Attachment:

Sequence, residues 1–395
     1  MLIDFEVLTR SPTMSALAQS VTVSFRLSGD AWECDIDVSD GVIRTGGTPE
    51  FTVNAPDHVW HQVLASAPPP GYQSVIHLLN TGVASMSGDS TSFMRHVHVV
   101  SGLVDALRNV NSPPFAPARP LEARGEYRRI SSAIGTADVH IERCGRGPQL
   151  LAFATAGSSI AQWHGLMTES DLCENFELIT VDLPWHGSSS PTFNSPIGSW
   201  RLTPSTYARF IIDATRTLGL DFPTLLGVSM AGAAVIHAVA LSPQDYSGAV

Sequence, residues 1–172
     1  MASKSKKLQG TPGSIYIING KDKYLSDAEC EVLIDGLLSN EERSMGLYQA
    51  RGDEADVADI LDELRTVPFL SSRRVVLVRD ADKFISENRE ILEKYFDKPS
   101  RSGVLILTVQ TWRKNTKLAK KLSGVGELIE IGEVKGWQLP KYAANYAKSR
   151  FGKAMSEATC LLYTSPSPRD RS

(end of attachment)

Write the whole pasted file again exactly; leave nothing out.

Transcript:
Sequence, residues 1–395
     1  MLIDFEVLTR SPTMSALAQS VTVSFRLSGD AWECDIDVSD GVIRTGGTPE
    51  FTVNAPDHVW HQVLASAPPP GYQSVIHLLN TGVASMSGDS TSFMRHVHVV
   101  SGLVDALRNV NSPPFAPARP LEARGEYRRI SSAIGTADVH IERCGRGPQL
   151  LAFATAGSSI AQWHGLMTES DLCENFELIT VDLPWHGSSS PTFNSPIGSW
   201  RLTPSTYARF IIDATRTLGL DFPTLLGVSM AGAAVIHAVA LSPQDYSGAV

Sequence, residues 1–172
     1  MASKSKKLQG TPGSIYIING KDKYLSDAEC EVLIDGLLSN EERSMGLYQA
    51  RGDEADVADI LDELRTVPFL SSRRVVLVRD ADKFISENRE ILEKYFDKPS
   101  RSGVLILTVQ TWRKNTKLAK KLSGVGELIE IGEVKGWQLP KYAANYAKSR
   151  FGKAMSEATC LLYTSPSPRD RS